“Because you’re a drunk.” Mikey snatches the bottle from her hand and screws the top back on tightly. “And, you’re a terrible excuse for a mother.”
“Mike…” I reach out to tug on his sleeve. The clock begins ticking louder and louder, the cartoon chickens dancing in the background seeming to laugh louder with each passing second.
“Not now, Oliver. Let me handle this.”
Nausea becomes replaced by rage. “I don’t want you to handle anything! I can take care of myself!”
“Ha! You can’t do shit,” Mom says, picking up her wine bottle and taking a long draught. She continues laughing, sinking to the ground and taking more swallows of alcohol. “You’re worthless. I should’ve aborted you when I had the chance.” She laughs again, the loudest, cruelest, most boisterous cackle that slaps me right in the face and numbs by entire body.
Mike begins shouting insults at our mother, his face purpling with anger as it splotches on his face. Mom fights back. I kneel down to stare into my dark reflection in the spilled red wine. I don’t like what I see.
What happened to me? I don’t recognize the face in the reflection. The permanent dark rings beneath my eyes. The oily mop of hair plastered against my acne-riddled forehead. The sunken-in cheeks turned sallow from the combination of malnutrition and medication.
I am worthless.
All I ever do is cause her grief. What have I done to help lately? I can’t get a job because of the panic attacks. I lost all of the people I care about because I went off the wall. I lost my friends, most of my family, my girlfriend. And, when Mom’s not drunk, she’s working, working hard to pay for my mistake. She makes Mikey play community sports, because, when he’s not playing, he wants to work to take care of us. I told him not to bother, because I need him to make sure that I’m okay.
Is that selfish of me? I shouldn’t be holding him back. I should be making sure that he goes to practice, that he has his uniforms ready. I should be out in the backyard, practicing with him. I should be talking to him about his girlfriend, who he refuses to bring to the house on account Mom and me being batshit crazy.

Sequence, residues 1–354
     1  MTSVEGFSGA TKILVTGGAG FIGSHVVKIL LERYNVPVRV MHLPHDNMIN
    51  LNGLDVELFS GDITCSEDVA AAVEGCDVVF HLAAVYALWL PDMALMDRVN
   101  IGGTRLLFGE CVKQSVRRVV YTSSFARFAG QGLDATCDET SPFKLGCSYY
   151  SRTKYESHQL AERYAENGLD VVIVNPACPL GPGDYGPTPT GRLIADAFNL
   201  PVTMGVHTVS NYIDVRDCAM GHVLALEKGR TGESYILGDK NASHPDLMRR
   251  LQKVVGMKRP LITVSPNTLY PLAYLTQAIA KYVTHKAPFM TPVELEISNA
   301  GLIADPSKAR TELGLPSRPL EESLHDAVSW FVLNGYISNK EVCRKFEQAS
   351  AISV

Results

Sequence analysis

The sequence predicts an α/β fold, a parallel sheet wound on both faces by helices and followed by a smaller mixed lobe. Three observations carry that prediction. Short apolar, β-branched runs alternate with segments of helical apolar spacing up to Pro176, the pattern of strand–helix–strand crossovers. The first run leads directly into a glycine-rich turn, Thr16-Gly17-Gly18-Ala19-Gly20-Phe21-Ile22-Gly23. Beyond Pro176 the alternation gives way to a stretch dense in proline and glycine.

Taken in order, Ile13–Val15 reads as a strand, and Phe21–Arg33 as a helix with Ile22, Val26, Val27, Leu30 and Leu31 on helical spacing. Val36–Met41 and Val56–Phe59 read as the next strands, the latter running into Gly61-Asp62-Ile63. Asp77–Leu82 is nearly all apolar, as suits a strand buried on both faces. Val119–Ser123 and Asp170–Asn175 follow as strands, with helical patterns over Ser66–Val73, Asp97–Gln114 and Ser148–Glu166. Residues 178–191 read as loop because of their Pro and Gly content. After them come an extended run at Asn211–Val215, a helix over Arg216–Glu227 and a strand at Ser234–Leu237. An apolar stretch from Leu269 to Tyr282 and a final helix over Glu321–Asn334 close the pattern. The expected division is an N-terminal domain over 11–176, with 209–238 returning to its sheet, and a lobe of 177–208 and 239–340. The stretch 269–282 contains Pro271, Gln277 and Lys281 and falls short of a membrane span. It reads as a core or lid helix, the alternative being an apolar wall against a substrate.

While Mom and Mikey continue exchanging insults and banter, I stand up and back out of the kitchen. I trudge up the stairs, my heart pounding in my chest, and I lock myself in my room.
It’s Dad’s fault. It’s all Dad’s fault. Dad’s fault. He did this to me. It’s Dad’s fault.
TICK! TOCK! TICK! TOCK!
Why is it mocking me? The clock I have against my wall? What did I ever do to it?
My bottom lip trembles, but I bite it to keep it still. I miss those distant days when my mother was happy. I miss the days before that first attack, when I was Mikey’s caretaker, shielding him from Mom and the effects of the bottle.
I hate him for turning me into this. I hate him for leaving me. I hate him for leaving my family. For turning my mom into a drunk. For turning Mikey into the older brother, when it should be me. I hate him for molesting me. For damaging me. For driving me insane. For ruining my life. I hate him. It’s all his fault.
Tick. Tock. Tick. Tock. Tick. Tick. Tick. Tick. Tickticktickticktickticktick.
Hot tears burn my eyes, and I shut my lids against the pain. The hot liquid seeps between my closed eyelids, running down my face. Make it stop, make it stop. I curl up in a fetal position, my knees tight against my chest. I teeter upwards and begin to rock back and forth. I choke on my sobs as they come, begging for the memories to cease as they flood my brain. I begin to shake. Desperate gasps escape from my lips as I squeeze my eyes shut.
Dead. Dad. Dead. Dad. Dad. Dead. Tick. Tock.
His bulging eyes. The redness around his neck from the stress of the rope. Asphyxiated blue face. Crisp, navy church suit stained with the blood from his wrists and neck.
Someone make them stop.
I sit up, and with a trembling hand, I reach for my anxiety medication. I pour out the rest and stare down at the little blue pills, tears continuing to well in my eyes. I’ll show him. He can’t make me miserable for the rest of my life. I’ll show him.
I scarf down the tablets, every last one, and wait. Wait for death to grip me. Wait to be released from this hell of a life that I’ve been living. Wait to be free.
I slide down onto the floor and wait. The images in my mind slow to a stop, and my eyes begin to droop. I’m so overcome with tiredness that I tip over, my head banging against the floor, although I barely feel the impact. I give a shuddering sigh. Then, I seize. I’m shaking and trembling on the ground as my head rattles against the floor.But, I can’t help but to smile. I’m finally getting the reprieve I want. I’m going to be free from this horror that is my life.
Pain shoots up my spine, a sharp, stabbing pain that rests in the base of my neck and spreads through my skull. I blink, my vision becoming more blurry with each tremble. A calming darkness floods my vision, and the last thing I hear is the door being kicked down as my brother stumbles into the room. I smile at the darkness. I’m ready to go. For the first time, the clock ticking in my head chimes, signaling a new hour.